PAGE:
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Page:Popular Science Monthly Volume 38.djvu/387

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373
THE INTELLIGENCE OF CATS.

purr of tranquillity and pleasure, the mew of distress, the growl of anger, and the horrible wailing of pain." Besides these, the expressions of the countenance, as Mr. Owen teaches in his poem, are as lively and varied in the cat as in any other animal. The well-bred cat can put these diversified means of expression to uses commensurate with nearly all her wants; and the sagacious and sympathetic master can with no very great difficulty learn to translate them as accurately as he responds to the wishes of his child.

Romanes gives several instances illustrating the applications of this sign-language. A cat, observing that a terrier received food in answer to a certain gesture, imitated his begging. Another would make a peculiar noise when it wanted a door opened, and, if its wish was not attended to, would pull at one's dress with its claws; then, having secured notice, would walk to the door and stop with a vocal request. Another cat, having found its friend the parrot mired in the dough, ran up-stairs to inform the cook of the catastrophe, "mewing and making what signs she could for her to go down," till at last "she jumped up, seized her apron, and tried to drag her down," and finally succeeded in getting her to rescue the bird. Other cats are mentioned which would jump on chairs and look at bells, put their paws upon them, or even ring them, when they wanted anything done for which the ringing of a bell was a signal.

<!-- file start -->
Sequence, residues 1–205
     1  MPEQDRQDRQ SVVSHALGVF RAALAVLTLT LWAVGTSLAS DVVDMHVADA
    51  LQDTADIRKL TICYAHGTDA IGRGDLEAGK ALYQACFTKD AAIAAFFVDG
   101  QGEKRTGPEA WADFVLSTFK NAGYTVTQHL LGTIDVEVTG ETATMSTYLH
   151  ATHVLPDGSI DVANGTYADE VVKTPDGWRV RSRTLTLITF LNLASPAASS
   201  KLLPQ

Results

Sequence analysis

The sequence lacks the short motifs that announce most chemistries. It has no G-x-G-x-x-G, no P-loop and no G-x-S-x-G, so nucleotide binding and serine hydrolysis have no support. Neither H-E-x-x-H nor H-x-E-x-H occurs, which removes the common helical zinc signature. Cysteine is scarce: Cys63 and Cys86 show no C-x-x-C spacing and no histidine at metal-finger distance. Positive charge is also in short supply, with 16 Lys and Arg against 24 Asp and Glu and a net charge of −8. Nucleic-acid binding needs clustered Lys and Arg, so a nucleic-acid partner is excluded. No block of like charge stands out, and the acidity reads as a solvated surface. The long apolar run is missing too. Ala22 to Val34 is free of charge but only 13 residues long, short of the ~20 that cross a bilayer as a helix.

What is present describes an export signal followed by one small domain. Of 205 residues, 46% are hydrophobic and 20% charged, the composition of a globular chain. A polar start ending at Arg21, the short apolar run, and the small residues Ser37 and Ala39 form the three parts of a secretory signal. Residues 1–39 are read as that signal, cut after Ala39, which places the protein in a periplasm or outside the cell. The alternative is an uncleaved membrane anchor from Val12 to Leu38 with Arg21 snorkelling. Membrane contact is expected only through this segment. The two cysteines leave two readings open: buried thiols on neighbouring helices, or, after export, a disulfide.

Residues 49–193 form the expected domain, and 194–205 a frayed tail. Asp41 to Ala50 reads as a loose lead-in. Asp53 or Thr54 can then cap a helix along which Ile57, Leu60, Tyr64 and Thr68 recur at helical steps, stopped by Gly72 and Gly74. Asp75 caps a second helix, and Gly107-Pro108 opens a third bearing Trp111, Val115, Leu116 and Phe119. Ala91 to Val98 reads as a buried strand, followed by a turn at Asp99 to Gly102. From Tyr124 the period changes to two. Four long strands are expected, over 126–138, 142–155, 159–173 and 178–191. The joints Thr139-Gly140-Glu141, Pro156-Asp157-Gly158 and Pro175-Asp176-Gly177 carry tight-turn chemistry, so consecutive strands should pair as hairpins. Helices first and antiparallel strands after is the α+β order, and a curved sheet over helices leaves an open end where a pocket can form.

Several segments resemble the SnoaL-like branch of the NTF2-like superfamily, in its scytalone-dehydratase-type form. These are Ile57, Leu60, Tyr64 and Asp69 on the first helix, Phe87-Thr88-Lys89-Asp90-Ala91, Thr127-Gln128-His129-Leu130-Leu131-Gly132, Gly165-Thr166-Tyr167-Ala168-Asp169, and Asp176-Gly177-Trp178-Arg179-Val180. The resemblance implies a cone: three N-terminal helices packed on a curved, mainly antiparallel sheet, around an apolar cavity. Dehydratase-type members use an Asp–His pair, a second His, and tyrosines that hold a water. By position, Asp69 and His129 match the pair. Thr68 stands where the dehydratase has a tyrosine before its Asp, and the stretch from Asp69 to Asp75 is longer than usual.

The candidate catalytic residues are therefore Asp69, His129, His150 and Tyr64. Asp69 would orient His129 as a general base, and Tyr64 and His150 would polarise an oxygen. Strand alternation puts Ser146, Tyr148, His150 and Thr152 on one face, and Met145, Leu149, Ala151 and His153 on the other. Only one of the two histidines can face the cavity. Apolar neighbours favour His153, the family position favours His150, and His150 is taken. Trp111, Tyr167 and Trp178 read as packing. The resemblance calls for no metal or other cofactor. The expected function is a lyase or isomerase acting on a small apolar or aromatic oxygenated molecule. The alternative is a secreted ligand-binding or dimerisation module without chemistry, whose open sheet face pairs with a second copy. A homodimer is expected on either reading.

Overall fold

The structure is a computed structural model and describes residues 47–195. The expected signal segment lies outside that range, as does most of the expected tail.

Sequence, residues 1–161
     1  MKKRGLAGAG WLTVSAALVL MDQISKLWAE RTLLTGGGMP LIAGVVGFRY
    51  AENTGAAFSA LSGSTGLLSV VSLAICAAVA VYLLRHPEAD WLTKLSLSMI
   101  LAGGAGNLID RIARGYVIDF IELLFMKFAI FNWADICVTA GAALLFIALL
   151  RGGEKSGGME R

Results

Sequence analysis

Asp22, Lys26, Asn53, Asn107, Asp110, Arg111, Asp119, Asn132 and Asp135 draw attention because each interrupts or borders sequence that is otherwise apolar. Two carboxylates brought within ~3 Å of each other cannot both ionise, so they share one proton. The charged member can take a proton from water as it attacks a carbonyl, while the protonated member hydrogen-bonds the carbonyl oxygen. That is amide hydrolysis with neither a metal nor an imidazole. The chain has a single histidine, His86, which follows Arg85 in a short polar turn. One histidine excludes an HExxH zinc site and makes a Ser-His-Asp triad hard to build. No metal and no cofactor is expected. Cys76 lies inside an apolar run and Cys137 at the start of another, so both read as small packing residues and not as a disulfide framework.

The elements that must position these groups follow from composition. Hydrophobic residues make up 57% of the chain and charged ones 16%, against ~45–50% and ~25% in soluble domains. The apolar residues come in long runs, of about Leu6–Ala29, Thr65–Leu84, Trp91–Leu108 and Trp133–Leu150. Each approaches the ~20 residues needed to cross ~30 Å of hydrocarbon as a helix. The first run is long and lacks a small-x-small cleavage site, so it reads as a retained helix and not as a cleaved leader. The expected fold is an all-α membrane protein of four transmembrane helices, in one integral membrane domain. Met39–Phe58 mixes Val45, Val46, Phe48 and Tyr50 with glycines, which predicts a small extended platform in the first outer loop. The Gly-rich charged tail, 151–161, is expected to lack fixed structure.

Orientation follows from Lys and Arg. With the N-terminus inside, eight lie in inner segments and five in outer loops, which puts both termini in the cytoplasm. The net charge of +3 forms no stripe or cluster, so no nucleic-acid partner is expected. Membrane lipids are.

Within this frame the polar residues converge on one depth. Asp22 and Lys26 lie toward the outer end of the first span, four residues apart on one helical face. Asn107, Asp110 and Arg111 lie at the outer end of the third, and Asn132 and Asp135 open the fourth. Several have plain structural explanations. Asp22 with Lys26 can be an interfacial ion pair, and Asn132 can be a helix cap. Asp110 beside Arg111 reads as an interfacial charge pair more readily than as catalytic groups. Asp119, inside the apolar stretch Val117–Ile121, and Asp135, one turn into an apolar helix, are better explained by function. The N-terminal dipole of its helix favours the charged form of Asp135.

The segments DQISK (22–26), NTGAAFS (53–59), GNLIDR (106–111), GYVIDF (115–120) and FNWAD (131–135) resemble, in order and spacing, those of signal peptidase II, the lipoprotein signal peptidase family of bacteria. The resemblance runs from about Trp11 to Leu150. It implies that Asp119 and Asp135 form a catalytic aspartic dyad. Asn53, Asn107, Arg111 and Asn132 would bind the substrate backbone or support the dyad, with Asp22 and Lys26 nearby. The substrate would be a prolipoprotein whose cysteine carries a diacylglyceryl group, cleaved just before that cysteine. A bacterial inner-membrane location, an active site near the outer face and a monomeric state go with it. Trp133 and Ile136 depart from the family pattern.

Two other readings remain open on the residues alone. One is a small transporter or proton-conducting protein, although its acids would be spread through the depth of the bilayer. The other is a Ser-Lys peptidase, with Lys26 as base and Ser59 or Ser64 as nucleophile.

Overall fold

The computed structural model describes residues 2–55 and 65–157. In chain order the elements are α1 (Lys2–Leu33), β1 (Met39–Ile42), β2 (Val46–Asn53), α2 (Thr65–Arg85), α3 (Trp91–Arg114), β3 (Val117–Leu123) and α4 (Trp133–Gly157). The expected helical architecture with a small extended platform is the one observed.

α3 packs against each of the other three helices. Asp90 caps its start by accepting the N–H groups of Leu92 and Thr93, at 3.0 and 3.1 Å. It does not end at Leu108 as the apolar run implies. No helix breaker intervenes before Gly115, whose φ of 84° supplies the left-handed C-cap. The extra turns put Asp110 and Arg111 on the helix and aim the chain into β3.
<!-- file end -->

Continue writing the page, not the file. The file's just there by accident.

The extent of the cat's understanding of human language must depend considerably on the treatment and training it receives. An animal that is treated unkindly or is neglected can not be expected to learn much beyond the knowledge which its natural instinct confers upon it. Another animal, not necessarily brighter, but having better opportunities and more encouragement, may readily acquire knowledge of all the things that it is important one of its kind should know. Cats having appreciative masters and playmates will gain a really remarkable degree of knowledge of the tones, gestures, words, thoughts, and intentions of their human friends. Many of the well-authenticated stories on this point reveal faculties of perception that must seem astonishing even to persons well informed respecting the mental powers of animals. Careful observation of his own puss can hardly fail to convince any one that they understand more of ordinary conversation, as well as of what is said to them directly, than we are apt, at first thought, to suspect. Lindsay has shown that, in common with other tamed and domestic animals, they understand one or more of the modes in which man expresses his ideas, wishes, or commands, as well as those ideas, wishes, and commands themselves, however expressed, particularly the calls to receive food, and their own names. They also, in common